City scraps plans to replace Minto Field's 'sandpaper' turf
Local football teams not happy 'unsafe' field won't be replaced
The City of Ottawa has decided that the cost of replacing the artificial turf at Minto Field behind the Nepean Sportsplex is too high, leaving amateur football teams scrambling to find places to practice and play.
A new $1.3-million turf was installed in 2015, but when players suffered scrapes and abrasions, local football teams deemed the new surface "unsafe" and like "sandpaper."
"We had nothing but cuts, scrapes, torn uniforms," said Scott Boxall, president of Myers Riders Football, about the decision to pull his amateur league from Minto Field.
"We had players coming off the field bloody." said Boxall, whose players range from seven to 18 years of age.
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Earlier this year, the city said it was looking at replacing the turf due after receiving complaints from players.
This week, however, Boxall and other local sports clubs received an email for Kevin Wherry, the city's manager of parks and facilities planning, confirming that the turf would stay.
"This past Friday, we cancelled the procurement of the replacement turf at Minto Field," Wherry said in his email. "While this means no substantive changes for field hockey user groups, it does require we develop and confirm our short-and-long-term solutions for football in particular."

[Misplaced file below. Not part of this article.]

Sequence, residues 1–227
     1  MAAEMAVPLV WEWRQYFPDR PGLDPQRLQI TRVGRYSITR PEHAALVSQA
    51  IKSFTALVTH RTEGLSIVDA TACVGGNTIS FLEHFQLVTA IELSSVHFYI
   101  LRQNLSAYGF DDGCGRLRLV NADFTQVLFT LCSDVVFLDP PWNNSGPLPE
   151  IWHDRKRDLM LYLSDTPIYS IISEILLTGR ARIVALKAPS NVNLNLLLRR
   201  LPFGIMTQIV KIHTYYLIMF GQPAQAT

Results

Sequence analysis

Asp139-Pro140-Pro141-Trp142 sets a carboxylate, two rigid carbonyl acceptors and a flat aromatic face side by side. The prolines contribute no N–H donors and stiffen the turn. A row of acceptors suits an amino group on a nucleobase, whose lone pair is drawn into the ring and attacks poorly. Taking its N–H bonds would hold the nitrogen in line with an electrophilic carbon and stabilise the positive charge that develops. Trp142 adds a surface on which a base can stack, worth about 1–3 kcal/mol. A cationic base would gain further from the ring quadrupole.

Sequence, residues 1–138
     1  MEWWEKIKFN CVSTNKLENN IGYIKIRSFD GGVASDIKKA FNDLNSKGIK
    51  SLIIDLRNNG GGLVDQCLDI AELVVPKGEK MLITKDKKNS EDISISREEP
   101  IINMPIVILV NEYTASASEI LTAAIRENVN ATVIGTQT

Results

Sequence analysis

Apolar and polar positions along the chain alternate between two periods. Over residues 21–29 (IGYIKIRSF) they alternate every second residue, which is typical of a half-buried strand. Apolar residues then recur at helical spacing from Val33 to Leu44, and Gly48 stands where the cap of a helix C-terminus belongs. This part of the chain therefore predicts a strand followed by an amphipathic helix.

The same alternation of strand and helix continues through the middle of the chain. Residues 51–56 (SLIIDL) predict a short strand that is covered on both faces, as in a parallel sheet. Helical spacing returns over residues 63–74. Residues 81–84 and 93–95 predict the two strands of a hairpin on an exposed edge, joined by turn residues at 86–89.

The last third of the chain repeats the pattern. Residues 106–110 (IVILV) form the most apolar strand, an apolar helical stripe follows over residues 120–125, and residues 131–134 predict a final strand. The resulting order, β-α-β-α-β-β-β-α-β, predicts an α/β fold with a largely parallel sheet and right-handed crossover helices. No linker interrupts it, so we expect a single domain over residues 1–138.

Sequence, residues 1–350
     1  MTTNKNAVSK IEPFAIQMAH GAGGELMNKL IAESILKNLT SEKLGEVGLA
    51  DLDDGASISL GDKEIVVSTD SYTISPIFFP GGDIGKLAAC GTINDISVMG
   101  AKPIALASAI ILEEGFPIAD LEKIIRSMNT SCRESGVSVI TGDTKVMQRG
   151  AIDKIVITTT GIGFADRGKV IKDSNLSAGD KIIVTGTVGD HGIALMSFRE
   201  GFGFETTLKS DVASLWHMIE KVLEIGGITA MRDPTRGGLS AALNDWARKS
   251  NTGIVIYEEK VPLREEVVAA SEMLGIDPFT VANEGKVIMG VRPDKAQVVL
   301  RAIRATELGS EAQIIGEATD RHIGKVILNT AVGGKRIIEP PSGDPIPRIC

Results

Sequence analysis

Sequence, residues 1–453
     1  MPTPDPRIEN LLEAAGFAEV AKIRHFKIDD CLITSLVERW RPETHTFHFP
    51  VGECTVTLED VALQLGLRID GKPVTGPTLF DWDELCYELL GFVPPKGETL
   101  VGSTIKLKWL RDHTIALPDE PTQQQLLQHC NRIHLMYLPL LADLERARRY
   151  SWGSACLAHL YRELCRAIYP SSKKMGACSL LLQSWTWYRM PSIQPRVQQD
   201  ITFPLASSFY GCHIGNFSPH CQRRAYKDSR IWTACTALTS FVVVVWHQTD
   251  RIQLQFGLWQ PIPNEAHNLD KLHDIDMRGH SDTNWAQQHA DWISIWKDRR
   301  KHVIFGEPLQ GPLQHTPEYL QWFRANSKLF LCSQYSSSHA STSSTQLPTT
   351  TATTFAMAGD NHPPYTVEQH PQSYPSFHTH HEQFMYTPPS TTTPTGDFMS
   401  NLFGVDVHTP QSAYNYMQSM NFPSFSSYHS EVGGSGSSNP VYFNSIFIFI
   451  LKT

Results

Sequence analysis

Boxall said his league was looking forward to playing on a brand new surface this September, after the city said it would be installing replacement turf that would be suitable for most sports.
But those plans have been scrapped, he said, because the only bid the city received for the project would cost more than the $500,000 allocated for the job.
"It's like being promised a Christmas present, and then finding nothing under the tree." said Boxall, adding that his league is now scrambling for places to practice and play around the legion.
Former high school 'preferred' option for permanent field
In an email, Wherry later told CBC News that the city tried to negotiate with the bidder — but when they couldn't convince them to drop their prices, they cancelled the tender request on July 27.
The short-term plan is to provide practice fields at the Confederation Education Centre "if temporary lighting can be secured," said Wherry. Quinn's Pointe Field in Barrhaven has also been slated as a temporary practice area.
A number of "suitable" fields will be made available for games, he added.
Confederation is also the "preferred" option for establishing a permanent "home field for football for this part of the west end of the city," Wherry said, with the second-best solution being fields at the Terry Fox Athletic Facility at Mooney's Bay Park.
A "permanent solution" at either location would likely cost $600,000, he added. The earliest city funds would be earmarked for the project would be 2018.
The city has scheduled a meeting with local amateur football groups for Wednesday.